The balance of power in the Baltic Sea region is expected to shift decisively in NATO’s favor when Finland and Sweden formally join the alliance. The two countries, which have long remained nonaligned militarily, moved to join NATO shortly after Russia launched its invasion of Ukraine in late February. NATO defense planners have since begun referring to the Baltic Sea as a “NATO lake,” though defense analysts say the alliance can’t rule out further threats from Russia’s navy in the region.

“Recent events prove that NATO does need to maintain, even increase, NATO maritime presence in the North Sea and in the Baltic Sea,” said Steven Horrell, a former U.S. Naval intelligence officer and expert on defense issues at the Center for European Policy Analysis. “These are clearly now contested waters. Russia’s made it clear they’re not just packing up their Baltic Fleet and going home.”

For years, Western defense officials have raised alarm bells of increased Russian activity around undersea infrastructure, including gas pipelines and undersea fiberoptic cables that carry a bulk of the world’s international data. In early 2022, the head of the British Armed Forces, Adm. Tony Radakin, warned that Russian submarines tracked near undersea cables could threaten the global communications system and said any attempt to damage those cables could be construed as an “act of war.”

The risk of these acts of indirect aggression from Russia, something that Western defense analysts refer to as “hybrid warfare,” might only increase as the war in Ukraine drags on and the Kremlin seeks new ways to indirectly lash out at the West to try and counter its battlefield losses. Russia has begun a bombing campaign on Ukrainian cities after being beaten badly on the battlefield in the last six weeks.

“This is a form of hybrid warfare,” said Rachel Rizzo, an expert on European security at the Atlantic Council think tank, of the suspected Russian sabotage on the Nord Stream 1 and 2 pipelines. “It’s especially significant because it’s effectively Russia telling Europe and Germany that it doesn’t need their business.”

On the economic front, the United States and its NATO allies have worked to ramp up sanctions and export controls on Russia as well as halt oil and gas imports to Europe to squeeze the Russian economy. That included a price cap on Russian oil exports, which incensed OPEC members so much that they decided to throw their hats in the ring with Putin for fear that oil consumers, rather than Putin, might get the upper hand.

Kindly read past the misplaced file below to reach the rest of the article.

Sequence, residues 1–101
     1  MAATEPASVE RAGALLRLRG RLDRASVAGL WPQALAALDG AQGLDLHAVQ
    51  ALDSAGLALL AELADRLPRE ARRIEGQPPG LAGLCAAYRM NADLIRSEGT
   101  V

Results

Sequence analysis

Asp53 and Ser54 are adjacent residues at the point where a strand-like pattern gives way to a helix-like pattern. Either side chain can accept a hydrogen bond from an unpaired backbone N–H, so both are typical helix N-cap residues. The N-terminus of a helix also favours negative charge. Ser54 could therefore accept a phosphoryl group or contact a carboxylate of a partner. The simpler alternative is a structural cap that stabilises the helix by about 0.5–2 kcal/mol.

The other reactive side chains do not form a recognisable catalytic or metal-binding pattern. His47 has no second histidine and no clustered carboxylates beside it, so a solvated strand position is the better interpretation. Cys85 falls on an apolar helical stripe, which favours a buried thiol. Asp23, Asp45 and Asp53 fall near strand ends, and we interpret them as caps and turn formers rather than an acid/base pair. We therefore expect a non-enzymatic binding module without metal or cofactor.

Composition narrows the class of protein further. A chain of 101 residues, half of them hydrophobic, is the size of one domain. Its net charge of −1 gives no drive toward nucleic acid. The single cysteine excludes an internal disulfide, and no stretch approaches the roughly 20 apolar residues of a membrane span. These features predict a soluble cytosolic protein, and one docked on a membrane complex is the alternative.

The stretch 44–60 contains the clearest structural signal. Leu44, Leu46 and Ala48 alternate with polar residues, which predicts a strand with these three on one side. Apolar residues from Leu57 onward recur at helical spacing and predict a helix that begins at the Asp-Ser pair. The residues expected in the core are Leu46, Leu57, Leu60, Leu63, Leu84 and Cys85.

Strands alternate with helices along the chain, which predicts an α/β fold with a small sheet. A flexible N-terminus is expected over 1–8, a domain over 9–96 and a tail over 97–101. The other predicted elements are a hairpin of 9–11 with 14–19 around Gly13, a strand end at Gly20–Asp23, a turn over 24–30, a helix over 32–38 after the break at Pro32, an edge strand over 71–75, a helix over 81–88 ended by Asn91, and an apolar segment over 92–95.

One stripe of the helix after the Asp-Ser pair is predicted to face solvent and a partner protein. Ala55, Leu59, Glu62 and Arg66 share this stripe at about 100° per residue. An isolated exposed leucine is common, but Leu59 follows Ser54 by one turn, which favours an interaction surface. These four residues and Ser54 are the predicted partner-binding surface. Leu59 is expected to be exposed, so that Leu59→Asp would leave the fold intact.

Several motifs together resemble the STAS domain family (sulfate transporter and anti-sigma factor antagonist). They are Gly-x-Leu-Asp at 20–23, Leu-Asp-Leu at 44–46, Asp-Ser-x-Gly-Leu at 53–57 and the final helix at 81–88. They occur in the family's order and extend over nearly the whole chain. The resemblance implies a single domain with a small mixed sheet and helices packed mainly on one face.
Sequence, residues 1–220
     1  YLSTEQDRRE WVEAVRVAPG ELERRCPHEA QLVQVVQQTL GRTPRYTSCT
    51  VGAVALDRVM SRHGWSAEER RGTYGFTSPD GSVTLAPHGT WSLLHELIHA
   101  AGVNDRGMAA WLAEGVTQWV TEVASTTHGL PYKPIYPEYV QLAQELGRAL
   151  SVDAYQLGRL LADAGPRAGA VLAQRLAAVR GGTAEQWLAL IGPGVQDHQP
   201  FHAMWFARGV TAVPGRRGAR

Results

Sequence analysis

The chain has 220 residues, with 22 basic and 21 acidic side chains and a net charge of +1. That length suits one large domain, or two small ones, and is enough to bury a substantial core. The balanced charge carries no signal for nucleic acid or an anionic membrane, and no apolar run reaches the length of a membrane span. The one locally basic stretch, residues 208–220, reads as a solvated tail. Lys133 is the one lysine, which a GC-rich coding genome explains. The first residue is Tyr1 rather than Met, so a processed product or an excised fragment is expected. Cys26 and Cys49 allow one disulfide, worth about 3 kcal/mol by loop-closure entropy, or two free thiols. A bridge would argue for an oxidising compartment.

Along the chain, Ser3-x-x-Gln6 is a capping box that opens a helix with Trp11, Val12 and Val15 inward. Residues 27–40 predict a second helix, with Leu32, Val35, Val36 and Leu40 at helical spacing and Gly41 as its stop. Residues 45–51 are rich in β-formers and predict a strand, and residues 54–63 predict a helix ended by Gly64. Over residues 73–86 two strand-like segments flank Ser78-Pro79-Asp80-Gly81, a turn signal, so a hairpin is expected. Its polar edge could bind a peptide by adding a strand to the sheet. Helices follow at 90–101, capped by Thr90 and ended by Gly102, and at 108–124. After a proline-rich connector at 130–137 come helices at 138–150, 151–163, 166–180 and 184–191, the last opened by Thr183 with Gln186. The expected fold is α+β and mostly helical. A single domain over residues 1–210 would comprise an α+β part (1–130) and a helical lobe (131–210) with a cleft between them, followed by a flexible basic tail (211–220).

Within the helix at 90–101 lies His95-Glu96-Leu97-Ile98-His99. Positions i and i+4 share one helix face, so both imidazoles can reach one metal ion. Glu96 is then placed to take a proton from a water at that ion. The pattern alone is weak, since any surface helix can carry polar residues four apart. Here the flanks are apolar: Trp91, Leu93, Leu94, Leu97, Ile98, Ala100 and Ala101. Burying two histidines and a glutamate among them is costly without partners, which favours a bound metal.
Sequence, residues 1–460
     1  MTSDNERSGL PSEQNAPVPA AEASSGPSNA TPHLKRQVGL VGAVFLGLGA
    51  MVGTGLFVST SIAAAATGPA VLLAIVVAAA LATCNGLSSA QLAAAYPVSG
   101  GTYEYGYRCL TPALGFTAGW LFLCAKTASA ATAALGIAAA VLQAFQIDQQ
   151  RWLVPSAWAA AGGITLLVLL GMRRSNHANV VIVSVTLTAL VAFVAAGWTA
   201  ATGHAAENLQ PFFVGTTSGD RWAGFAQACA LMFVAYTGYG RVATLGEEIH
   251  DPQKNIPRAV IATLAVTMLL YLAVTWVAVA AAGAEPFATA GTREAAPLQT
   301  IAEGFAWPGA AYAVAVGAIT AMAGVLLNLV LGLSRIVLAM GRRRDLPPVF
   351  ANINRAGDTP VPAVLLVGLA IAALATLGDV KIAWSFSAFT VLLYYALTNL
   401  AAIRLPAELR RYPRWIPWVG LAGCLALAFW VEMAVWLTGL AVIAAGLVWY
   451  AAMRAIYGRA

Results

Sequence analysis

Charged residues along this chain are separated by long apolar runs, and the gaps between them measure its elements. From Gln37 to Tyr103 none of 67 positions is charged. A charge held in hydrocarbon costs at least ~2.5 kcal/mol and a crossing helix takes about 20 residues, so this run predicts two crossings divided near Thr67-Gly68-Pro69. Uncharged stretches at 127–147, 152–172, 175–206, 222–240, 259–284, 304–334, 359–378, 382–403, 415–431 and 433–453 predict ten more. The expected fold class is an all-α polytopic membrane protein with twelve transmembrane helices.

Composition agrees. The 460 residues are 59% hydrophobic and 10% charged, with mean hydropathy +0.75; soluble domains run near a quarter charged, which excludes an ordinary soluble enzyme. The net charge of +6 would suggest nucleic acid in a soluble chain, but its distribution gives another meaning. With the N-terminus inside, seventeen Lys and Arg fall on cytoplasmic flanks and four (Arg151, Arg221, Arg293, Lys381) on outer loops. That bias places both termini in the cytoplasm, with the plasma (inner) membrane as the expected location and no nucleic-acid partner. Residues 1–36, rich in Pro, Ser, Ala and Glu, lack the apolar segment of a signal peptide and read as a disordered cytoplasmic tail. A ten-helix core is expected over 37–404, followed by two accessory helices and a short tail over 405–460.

Putin has, in turn, accelerated the cutoff of energy exports to Europe in a bid to weaken Western resolve for unfettered support of Ukraine ahead of a cold winter, when the European continent’s energy usage will spike. Western officials blame Russia for orchestrating the undersea blasts on the two pipelines while Russia, in turn, hinted that Western countries, which have spent months trying to supply Europe with energy, sabotaged the pipelines in apparent “terrorist attacks.” The White House has referred to Russia’s counteraccusations as “disinformation.”

Swedish investigators concluded that the suspected sabotage was caused by subsea detonations, and they are coordinating next steps in the investigation with Germany and Denmark. In recent weeks, the Russian government sent a letter to Sweden demanding its own authorities and officials at the state-run gas giant, Gazprom, be allowed to join the investigation of the pipeline explosions. Sweden rejected those demands.

Western officials believe Putin could expand attacks on Ukrainian civilian targets as well as ramp up indirect showdowns with NATO countries in the coming months if Ukraine racks up more battlefield wins.

“President Putin is failing in Ukraine,” Stoltenberg said. “His attempted annexations, partial mobilization, and reckless nuclear rhetoric represent the most significant escalation since the start of the war. And they show that this war is not going as planned.”

Robbie Gramer is a diplomacy and national security reporter at Foreign Policy. Twitter: @RobbieGramer